Editor’s note: Call destinations before you visit to make sure they’re open. Stay posted on what Oregon’s new COVID-19 guidelines mean for you, and follow these steps for social distancing outdoors. Also, remember to bring your face covering, required for all of Oregon’s public indoor spaces and outdoors when keeping 6 feet of distance isn’t possible.
From activists and athletes, business women to elected leaders, Oregon has long been a fiercely independent state for women. In 1987, the state adopted a new motto, “She flies with her own wings” to reflect this pioneering spirit, at the urging of then Oregon Secretary of State Barbara Roberts. Oregonians celebrate this by supporting women-owned businesses and women makers in every corner of the state. For National Women’s History Month in March, we’ve rounded up several of these entrepreneurial rock stars — making innovative jewelry, herbal remedies, bronze sculptures, old-style wines and more to bring more joy to the world through their inspired work. Here’s how to meet them and see their artful expressions throughout Oregon.
Healing herbs in Eastern Oregon
Jody Berry is obsessed by the rugged natural landscape that surrounds her in Enterprise, a tiny community in northeastern Oregon. She founded Wild Carrot Herbals in 2000 and brought it to Enterprise in 2012. An women-majority team make nourishing plant-based elixirs, salves, lotions and other wellness products with as many local ingredients they can grow or source — everything from elderberry and lavender to nettles, prickly pear and green tea. Their Wildflower Prairie Body Oil, for instance, is meant to evoke the natural setting of the Zumwalt Prairie Preserve, nearby. Berry’s focus is on all things natural — and beauty is in the eye of the beholder. “A wild carrot is considered a noxious weed but to me something about it is a symbol of abundance and beauty,” Berry says. “As a talisman, it speaks to what we’re trying to put out there in the world. Something seems very feminine about that — sharing in that abundance.” Wild Carrot gives a portion of their profits to local plant and land conservation groups including the Wallowa Land Trust, Oregon Wild, Wallowa Resources and The Nature Conservancy. Find their products at retail stores nationwide or visit their space in Enterprise.
Bronze art in the Gorge
It’s not every day you get to see what may be the world’s largest bronze eagle — larger than a small fighter jet, with a 60-foot wingspan. It’s a piece of commissioned artwork Heather Soderberg-Greene worked to sculpt and cast entirely by hand, without the aid of technology — a rarity in her industry. As one of the first women to own a bronze foundry, already a less-common form of art, Soderberg-Greene’s love of hand-craftsmanship appealed to the philanthropist couple who commissioned the piece. “It’s very much a male-dominated field,” Soderberg-Greene says. “To be chosen for this project is a huge deal.” Visitors can see her in action by calling ahead to book a private tour of Soderberg Gallery & Studio in Cascade Locks, where she is inspired daily by the wildlife she sees near the Columbia River and along regional trails. “When everything gets so crazy, it’s great to get away and just take a walk,” she says. Look for some of her locally commissioned works including the Todd Kirnan statue in downtown Gresham, named for a man with autism who was nicknamed “Mr. Gresham” for his presence in the community.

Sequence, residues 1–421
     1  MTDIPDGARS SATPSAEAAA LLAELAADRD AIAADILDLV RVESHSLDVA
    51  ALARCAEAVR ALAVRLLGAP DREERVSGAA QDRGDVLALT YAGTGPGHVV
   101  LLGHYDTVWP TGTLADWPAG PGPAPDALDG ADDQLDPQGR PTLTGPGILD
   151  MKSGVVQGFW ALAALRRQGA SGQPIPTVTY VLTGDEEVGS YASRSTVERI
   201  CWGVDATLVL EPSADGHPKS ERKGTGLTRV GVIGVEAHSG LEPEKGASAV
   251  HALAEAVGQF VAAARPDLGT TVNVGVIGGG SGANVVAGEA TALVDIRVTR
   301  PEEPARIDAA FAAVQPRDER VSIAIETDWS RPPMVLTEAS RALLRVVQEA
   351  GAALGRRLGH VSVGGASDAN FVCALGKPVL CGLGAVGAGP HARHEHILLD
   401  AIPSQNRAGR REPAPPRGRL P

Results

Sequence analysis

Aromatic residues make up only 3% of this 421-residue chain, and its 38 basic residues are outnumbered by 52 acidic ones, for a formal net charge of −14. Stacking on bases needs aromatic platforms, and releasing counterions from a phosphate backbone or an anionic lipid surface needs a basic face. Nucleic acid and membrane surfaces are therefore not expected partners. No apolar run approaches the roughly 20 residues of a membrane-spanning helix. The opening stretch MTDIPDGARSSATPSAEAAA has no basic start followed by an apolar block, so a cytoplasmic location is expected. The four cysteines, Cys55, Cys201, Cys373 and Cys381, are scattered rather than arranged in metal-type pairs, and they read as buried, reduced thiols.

Wine in the Willamette Valley
Remy Drabkin grew up riding on tractors in the vineyards of McMinnville, picking grapes and tasting juice coming out of the press along with other winemakers’ children in the Willamette Valley, including several of Oregon’s wine pioneers. “It felt like a family, with just a tremendous amount of fun to it, especially around time of harvest,” she says. Today Drabkin is owner of Remy Wines, a top producer of non-traditional grape varieties and one of a growing number of women winemakers in Oregon. She holds several other identifiers as well: “I’m a gay woman, Jewish woman and elected official,” she notes, now serving on the McMinnville City Council as Council President, Ward 3, and on the Oregon Wine Board. She discusses her challenges as a minority winemaker in the 2018 documentary, “Red, White and Black.” Visit Remy Wines’ farmhouse tasting room in Dayton any time of year (book appointments online) or for special virtual new release tastings.
Indigenous crafts in Southern Oregon